Touché Amoré, but it's not that at all. Yeah, it's pretty much the opposite.
Instead, this album is very much bursting with a mass sweeping of warm positivity, as Sharks play their mod rock inspired songs with vibrant energy and charismatic performances. Songs like Matthew's Baby and Dawn Soft Light with their atmospheric guitar work from Andrew Bayliss and frontman James Mattock and pounding mod rock performance carries the spirit of traditional bands like The Clash and Social Distortion and to use a more modern comparison, carries a reminiscence to a more upbeat Ordinary Boys - in reference to their debut Over the Counter Culture, the only good work they've ever made.
There's a real sense of rawness to the album and it's sparkling performance which elevates the freshness and punk dynamism offered in the likes of Arcane Effigies and On a Clear Day You Can See Yourself, which with their bouncy hooks makes them overall rousing performances that will engage listeners of all sorts. More than anything the sheer strength of these songs is a powerful feature on it's own. The band's homegrown roots and relentless international touring is reflected in the sheer sense of natural charisma and comradeship heard across the album.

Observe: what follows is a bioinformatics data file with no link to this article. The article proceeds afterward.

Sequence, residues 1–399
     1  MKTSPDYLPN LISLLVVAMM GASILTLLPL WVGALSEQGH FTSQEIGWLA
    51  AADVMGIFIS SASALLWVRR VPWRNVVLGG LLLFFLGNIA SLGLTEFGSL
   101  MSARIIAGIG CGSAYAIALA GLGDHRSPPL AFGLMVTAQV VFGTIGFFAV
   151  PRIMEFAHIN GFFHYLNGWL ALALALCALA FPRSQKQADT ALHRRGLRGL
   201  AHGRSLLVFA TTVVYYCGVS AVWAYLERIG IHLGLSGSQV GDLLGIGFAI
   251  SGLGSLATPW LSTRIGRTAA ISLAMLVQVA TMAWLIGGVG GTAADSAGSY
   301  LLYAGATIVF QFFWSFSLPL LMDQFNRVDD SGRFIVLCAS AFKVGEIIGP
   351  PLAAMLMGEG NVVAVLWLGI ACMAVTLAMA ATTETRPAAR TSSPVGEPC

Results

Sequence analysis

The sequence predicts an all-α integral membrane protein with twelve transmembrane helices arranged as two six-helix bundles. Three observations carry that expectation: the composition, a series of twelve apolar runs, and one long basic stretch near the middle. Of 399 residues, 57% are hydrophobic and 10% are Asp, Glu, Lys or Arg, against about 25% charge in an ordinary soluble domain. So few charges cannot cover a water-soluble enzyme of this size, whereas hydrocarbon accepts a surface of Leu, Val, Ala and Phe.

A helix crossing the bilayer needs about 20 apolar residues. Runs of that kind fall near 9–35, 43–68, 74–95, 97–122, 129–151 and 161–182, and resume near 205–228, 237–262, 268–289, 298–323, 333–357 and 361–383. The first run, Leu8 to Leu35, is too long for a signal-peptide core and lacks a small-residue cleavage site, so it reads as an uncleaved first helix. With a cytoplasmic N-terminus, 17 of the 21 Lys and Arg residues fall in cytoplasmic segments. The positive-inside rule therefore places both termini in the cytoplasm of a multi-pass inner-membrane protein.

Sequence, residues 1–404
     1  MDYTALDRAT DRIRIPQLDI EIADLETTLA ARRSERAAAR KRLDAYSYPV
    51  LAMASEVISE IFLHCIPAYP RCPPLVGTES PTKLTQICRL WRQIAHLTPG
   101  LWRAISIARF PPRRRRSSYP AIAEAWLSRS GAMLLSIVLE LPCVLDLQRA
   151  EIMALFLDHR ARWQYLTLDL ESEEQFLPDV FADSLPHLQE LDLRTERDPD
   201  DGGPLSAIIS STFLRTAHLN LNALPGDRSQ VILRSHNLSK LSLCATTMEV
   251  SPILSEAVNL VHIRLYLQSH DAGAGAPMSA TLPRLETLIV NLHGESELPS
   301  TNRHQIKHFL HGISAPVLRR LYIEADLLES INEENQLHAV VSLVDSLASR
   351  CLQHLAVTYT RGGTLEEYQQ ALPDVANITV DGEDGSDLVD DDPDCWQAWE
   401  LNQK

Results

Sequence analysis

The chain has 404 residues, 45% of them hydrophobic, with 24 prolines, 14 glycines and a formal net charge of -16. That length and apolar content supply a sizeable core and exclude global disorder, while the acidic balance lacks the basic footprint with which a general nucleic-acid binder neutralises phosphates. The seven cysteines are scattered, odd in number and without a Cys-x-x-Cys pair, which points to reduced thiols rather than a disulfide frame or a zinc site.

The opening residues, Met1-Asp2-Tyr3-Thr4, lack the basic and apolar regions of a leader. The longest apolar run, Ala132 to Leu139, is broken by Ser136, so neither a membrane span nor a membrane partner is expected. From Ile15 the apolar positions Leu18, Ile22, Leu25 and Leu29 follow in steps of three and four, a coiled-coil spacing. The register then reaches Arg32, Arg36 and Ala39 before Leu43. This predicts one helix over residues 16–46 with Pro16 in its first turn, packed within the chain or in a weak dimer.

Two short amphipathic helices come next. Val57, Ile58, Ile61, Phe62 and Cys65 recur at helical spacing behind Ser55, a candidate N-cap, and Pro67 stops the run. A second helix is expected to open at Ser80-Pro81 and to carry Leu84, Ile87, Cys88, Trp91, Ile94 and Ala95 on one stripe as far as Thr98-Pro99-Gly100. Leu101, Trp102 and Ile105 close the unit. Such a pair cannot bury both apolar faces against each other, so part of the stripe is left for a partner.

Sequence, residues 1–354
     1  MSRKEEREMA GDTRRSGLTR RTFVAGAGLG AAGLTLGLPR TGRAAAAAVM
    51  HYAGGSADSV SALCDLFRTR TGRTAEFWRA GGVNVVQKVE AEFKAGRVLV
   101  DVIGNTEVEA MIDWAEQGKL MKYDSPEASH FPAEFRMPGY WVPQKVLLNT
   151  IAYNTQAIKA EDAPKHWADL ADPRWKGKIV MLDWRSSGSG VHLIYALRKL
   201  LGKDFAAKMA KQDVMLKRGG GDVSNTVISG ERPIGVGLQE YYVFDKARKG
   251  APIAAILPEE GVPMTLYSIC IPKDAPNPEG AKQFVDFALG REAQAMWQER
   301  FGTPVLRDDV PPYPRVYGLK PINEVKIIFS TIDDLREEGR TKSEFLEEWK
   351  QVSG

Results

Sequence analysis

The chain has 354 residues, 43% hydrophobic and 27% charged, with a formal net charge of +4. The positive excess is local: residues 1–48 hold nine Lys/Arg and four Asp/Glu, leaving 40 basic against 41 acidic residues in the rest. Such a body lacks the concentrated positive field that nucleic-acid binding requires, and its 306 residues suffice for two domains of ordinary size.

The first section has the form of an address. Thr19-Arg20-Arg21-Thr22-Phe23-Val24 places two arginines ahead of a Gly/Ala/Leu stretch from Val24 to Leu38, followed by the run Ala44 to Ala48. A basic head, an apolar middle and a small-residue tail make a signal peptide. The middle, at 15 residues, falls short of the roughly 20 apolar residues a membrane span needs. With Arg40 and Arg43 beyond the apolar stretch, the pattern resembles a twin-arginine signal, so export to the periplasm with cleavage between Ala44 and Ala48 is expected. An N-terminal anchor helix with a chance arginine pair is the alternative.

So, what more can I say? No Gods is home to some of the most whole-hearted, warm and uplifting punk songs heard in a long time. The genuineness behind these songs is unmistakeable and the passion with which they spread their songs of roughened beauty is undeniably poignant. Sharks are going to find themselves over the coming months to be a band that everyone will fall in love with.
Sharks' No Gods is out now via Rise Records. The band will tour the UK from March-April with Crowns.